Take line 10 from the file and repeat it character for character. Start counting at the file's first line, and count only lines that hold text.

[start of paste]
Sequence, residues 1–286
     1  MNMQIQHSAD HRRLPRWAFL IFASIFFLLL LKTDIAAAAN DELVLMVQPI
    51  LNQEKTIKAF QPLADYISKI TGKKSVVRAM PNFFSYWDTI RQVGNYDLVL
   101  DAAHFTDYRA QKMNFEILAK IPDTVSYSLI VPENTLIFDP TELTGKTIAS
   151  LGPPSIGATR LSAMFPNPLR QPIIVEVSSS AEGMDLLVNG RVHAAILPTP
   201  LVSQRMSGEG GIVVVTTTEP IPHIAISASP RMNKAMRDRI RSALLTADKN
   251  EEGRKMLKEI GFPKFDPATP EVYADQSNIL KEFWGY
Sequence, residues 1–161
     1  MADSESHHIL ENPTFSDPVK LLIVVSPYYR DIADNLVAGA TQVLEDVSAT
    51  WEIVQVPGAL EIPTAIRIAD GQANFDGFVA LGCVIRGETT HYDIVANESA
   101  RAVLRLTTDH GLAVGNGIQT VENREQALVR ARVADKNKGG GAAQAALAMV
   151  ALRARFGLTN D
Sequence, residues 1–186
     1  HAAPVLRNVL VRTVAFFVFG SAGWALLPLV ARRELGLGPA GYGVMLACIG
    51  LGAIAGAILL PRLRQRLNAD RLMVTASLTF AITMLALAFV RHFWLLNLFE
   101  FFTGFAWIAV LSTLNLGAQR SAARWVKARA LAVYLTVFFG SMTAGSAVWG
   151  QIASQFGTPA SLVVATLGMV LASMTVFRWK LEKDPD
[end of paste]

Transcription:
    51  WEIVQVPGAL EIPTAIRIAD GQANFDGFVA LGCVIRGETT HYDIVANESA